On paper Virginia is my perfect game. A first-person detective game inspired by Twin Peaks, in which you explore a small American town investigating the disappearance of a young boy? This is my wallet. You may have it. I wondered how long it would take for first-person adventure games to produce a proper, full-blooded sleuth-'em-up, and it looked as if Variable State had finally hit the nail on the head.
As it turns out, Virginia isn't the game I expected it to be. Which is fine! Can't blame a game for not playing as I assumed it would. Unfortunately, I don't like the game that Virginia actually is at all. In fact, I don't really understand its motivations, and I feel like it misses the point of its own inspirations entirely.
You play as Anne Tarver, an FBI agent who has been assigned to investigate the disappearance of a boy named Lucas in the town of Kingdom, located in the US state of Virginia. But you're also performing an internal investigation of your own partner, Agent Maria Halperin, who has been implicated in the disappearance of several files from the agency's archives. At least, I think that's the reason behind the investigation. I'm not wholly sure, and the reasons why will soon become clear.
Initially the game does resemble a walking simulator, in that you walk around some attractive, artistically abstract environments that can't be interacted with all that much. But Virginia quickly differentiates itself from other games of its ilk in two important ways. Firstly, in a big departure from a genre that loves the sound of its own voice, Virginia has no dialogue whatsoever, be it spoken or written. Instead the game communicates its story in other ways. Character gestures and facial expression indicate what is occurring between them, while in-game text such as case files and newspapers help illustrate more detailed plot points. The music gets in on the action too, setting the tone through musical cues.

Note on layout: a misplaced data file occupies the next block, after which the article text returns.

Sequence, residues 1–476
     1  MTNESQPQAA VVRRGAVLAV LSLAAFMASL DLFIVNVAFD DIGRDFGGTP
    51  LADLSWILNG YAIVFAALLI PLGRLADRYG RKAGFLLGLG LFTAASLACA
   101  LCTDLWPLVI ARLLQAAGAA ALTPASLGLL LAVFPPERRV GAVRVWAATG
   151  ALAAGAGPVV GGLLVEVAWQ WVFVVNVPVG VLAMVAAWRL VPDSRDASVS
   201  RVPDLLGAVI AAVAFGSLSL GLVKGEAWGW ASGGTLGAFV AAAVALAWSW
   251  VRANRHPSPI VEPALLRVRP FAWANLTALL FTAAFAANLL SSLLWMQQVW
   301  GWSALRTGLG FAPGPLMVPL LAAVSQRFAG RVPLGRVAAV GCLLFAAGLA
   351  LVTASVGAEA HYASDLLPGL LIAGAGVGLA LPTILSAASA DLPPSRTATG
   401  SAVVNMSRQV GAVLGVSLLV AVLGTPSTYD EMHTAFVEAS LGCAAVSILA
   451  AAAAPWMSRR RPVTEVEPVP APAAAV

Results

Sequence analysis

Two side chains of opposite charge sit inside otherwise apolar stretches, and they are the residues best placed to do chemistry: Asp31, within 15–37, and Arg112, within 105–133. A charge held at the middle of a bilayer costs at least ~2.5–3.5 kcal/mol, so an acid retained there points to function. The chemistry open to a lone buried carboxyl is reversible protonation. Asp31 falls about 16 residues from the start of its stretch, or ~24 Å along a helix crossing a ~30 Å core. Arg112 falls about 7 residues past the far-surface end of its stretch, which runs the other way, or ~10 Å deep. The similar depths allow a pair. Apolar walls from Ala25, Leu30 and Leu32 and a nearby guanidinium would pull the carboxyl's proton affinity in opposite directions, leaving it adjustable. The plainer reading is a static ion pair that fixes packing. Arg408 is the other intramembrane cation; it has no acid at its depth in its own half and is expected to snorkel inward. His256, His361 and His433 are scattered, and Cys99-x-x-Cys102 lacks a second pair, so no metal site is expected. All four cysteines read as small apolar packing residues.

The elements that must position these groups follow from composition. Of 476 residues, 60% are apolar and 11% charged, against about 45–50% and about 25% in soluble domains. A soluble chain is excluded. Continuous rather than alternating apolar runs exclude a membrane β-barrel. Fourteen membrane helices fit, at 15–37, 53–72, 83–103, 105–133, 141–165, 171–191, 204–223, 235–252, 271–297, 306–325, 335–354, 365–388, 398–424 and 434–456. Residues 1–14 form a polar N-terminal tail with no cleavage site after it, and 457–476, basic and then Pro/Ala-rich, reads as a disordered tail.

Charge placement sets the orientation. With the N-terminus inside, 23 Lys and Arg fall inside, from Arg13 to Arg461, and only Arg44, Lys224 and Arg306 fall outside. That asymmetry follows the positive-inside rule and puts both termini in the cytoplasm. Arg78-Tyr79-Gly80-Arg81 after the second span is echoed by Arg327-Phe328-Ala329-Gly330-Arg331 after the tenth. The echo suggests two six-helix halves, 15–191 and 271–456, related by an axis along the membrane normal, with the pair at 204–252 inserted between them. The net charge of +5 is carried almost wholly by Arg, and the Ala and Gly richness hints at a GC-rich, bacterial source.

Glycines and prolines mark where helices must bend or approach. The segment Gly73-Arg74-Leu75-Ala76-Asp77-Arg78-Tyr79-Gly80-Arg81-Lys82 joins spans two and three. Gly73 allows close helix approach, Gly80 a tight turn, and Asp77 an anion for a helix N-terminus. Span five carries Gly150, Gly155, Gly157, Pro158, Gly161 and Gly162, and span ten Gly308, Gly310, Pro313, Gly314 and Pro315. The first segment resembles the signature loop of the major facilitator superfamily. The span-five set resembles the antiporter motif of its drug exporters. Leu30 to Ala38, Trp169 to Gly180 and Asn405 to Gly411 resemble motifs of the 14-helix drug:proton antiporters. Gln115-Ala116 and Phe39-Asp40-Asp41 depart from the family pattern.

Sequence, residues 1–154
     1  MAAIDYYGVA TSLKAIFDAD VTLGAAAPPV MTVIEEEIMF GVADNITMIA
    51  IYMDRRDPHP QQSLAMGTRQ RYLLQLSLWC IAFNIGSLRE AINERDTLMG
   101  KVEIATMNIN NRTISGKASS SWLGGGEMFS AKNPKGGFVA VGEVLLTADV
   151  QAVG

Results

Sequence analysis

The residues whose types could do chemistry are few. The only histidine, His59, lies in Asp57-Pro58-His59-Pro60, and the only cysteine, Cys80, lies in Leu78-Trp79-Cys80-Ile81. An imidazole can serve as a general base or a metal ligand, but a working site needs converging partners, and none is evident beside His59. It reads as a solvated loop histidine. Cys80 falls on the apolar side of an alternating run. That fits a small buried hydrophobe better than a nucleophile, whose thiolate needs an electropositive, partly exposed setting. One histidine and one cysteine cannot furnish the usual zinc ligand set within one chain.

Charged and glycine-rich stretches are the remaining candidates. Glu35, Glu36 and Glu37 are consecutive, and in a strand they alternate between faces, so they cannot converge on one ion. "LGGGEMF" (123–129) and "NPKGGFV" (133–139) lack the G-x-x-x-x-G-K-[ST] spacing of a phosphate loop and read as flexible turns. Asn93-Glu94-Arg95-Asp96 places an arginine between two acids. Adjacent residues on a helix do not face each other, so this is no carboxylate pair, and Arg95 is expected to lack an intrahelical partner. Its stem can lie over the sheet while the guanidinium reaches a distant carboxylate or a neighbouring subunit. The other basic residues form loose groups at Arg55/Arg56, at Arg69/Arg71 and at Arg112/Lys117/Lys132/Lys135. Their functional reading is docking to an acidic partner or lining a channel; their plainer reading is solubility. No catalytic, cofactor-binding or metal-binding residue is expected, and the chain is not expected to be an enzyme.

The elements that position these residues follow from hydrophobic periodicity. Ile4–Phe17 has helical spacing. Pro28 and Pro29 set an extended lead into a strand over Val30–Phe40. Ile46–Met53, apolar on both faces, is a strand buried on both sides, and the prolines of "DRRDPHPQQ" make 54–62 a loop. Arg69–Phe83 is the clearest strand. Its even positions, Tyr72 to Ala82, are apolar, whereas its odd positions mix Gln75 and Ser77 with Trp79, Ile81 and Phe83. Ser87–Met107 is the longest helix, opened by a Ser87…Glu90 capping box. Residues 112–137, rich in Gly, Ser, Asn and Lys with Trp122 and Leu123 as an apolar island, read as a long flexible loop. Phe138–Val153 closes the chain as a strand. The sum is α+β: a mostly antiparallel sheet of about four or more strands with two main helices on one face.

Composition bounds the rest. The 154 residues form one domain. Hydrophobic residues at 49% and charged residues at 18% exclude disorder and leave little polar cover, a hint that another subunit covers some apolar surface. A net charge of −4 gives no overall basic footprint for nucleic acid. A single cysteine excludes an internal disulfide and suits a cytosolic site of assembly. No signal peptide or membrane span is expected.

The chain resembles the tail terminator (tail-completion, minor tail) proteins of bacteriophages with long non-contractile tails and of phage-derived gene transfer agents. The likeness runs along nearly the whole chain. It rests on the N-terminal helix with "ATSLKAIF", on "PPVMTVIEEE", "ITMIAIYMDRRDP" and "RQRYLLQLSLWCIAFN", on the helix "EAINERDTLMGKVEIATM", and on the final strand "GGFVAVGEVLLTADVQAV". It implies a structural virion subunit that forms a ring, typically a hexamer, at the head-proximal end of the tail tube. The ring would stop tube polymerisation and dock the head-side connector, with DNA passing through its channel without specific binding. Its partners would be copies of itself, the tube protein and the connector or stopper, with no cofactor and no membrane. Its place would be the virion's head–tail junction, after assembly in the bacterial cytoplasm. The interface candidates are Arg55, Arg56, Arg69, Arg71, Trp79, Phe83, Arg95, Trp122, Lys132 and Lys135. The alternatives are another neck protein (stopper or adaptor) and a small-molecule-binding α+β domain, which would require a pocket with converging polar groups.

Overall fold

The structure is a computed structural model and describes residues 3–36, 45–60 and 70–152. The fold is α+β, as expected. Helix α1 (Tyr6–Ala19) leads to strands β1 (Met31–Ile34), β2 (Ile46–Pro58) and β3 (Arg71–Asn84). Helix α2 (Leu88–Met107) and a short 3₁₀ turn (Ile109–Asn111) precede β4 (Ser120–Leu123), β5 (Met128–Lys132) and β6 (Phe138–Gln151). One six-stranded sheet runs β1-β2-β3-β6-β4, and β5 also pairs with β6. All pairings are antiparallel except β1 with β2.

The other major difference is Virginia's filmic editing. The game is divided into scenes as opposed to levels, and rather than flowing from one environment to the next or separating them through loading screens, Virginia cuts between its locations exactly as a film would. One minute you're sat in a cafeteria drinking coffee with Halperin, the next you're riding alongside her in her car, and moments later you're in a rocky meadow partially cordoned off by police tape. The intent here is clearly to replicate the pace of a detective drama, with each scene providing just enough information before moving ahead with the story.
On a stylistic level, I think Virginia is excellent. Truly. The environments are vibrant and pleasingly detailed, the animation is wonderfully expressive, vital given what Virginia aims to achieve. And the music, oh my, the music. It's incredible; a soaring, soulful orchestral score that almost sold me on the game by itself. It's almost certainly the best soundtrack you'll hear in a game this year, and out of all the ways Virginia tries to evoke shows like Twin Peaks or True Detective it's the music that succeeds the most.